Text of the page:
Police culture & Mental Health

Although there are lots of positive steps being taken regarding mental health support for first-responders in recent years, I truly believe that the negative side of police culture is the biggest obstacle to overcome. Not only does mental health have a negative stigma, it is often perpetuated within police culture. This blog is not about quoting studies, to which there are many that support this statement. It is a point of view from someone who is part of that culture. Imagine working in an environment where people use the term “snap leave” to describe someone who is currently off due to mental health issues. An environment where people’s response to a mental health issue is “you knew what you signed up for,” does not create a safe space for sworn police and civilian police members to speak up about things they are going through. It reinforces the very negative stereotypes we associate to mental health. A culture which refers to people on medical accommodations as “weak” “fakers” “lazy” “the problem” does not encourage an inclusive environment of healing but instills fear in those who may be suffering from medical issues including mental health. The toughest challenge for policing will be to create change within police culture itself. Therefore it is incumbent upon everyone who is part of this culture to recognize the need for change, and to have the courage to address it.

Beard On!

Your Bearded Cop




4 thoughts on “Police culture & Mental Health

  1. I’m going to stop commenting soon so I don’t look like a stalker, but this post made me angry. “Snap leave?” Seriously??? I knew what I signed up for in my job too, but it doesn’t mean that it isn’t hard. Why are we so damn hard on each other???

    It needs to be recognized and accepted that certain jobs, by their very nature, will take an inordinate toll on the workers, and mental health leave, support etc. will be needed by some or all in those jobs throughout their careers. The mental health support needs to be rolled right into the job. “Suck it up Buttercup” just doesn’t cut it. My profession has a suicide rate four times that of the general public. We’re starting to talk about it openly, but there is still a huge stigma. I can barely imagine the mental health stigma for a “tough” first-responder. I guess the answer is to keep talking, but it seems like keeping people mentally healthy would be easier than treating them once they are sick. All these tools you are learning now would have been hugely helpful years ago, right?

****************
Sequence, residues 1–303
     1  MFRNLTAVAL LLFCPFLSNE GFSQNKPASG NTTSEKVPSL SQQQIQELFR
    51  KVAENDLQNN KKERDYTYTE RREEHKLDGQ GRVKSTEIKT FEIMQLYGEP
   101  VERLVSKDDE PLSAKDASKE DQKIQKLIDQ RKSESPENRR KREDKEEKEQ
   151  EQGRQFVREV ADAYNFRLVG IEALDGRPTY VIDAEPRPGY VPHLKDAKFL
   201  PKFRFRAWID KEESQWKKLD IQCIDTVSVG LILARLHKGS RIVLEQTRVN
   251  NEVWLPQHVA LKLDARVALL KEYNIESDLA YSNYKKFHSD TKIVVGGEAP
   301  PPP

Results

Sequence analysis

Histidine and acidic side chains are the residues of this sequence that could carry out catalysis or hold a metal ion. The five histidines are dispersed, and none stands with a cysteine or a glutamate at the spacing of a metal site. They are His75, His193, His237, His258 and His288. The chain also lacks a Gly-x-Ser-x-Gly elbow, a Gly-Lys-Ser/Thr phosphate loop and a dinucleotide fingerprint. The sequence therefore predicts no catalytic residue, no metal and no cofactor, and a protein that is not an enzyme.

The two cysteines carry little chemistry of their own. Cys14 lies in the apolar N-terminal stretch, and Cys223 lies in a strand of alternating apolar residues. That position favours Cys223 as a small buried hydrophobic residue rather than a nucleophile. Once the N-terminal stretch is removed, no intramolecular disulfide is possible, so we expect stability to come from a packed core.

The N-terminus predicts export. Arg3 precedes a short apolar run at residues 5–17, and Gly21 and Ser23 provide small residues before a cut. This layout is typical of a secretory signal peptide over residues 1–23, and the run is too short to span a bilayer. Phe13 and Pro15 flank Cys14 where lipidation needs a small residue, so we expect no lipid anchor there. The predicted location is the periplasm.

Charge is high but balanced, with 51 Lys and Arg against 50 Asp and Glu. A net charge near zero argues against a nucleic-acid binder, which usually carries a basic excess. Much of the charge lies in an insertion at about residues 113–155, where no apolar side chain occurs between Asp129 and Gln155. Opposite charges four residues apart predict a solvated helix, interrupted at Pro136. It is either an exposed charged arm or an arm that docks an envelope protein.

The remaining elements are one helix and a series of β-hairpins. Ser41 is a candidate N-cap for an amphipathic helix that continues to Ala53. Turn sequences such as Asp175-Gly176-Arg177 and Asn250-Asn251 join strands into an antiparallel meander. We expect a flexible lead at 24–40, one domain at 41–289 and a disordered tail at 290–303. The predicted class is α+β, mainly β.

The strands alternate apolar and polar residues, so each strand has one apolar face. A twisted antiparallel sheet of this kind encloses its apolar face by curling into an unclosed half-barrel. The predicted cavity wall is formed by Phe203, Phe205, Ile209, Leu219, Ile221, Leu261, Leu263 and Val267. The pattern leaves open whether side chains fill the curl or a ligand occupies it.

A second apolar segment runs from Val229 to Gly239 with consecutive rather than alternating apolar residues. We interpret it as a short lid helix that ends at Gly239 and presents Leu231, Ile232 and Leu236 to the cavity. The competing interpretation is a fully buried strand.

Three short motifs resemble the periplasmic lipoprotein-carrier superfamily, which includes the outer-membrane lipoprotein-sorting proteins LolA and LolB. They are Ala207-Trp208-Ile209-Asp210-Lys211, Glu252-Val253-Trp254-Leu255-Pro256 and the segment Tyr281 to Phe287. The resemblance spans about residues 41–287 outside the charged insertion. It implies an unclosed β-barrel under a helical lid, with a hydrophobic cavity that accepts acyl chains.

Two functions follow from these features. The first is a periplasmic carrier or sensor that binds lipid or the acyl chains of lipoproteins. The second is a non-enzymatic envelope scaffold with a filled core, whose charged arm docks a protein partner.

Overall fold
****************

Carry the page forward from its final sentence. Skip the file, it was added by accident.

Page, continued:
Keep talking. Beard on yourself. As a fifty-year-old chick I’m fighting the beard with all I have. Ah, I crack myself up.

    Liked by 1 person

    1. Please don’t stop commenting. The discussion is part of the solution and healing process. Yes, we need to take better care of each other and that begins by recognizing the impact our language may have. Being part of that culture, I myself, am guilty of thoughtlessly using some of those terms in the past. Change begins within ourselves and works it’s way outwards.


  2. I would say certain jobs and some events do as well. If one is a police officer, saying to others to toughen up isn’t going to work in this world. Maybe they need to do yoga (mediation) or to talk it out with other officers whether it be other constables, sergeants or another rank or maybe physical activity helps them out and that is the best way. For others, maybe they want to make a change and speak up after a while to let the public know about what good can be done or changes. Not all police officers are necessarily bad, others scare everyone. Some police organizations need to change about what is allowed, like the federal one in our country; a boy’s culture should not be excepted and women can be great officers and offer different support to the community than men can.


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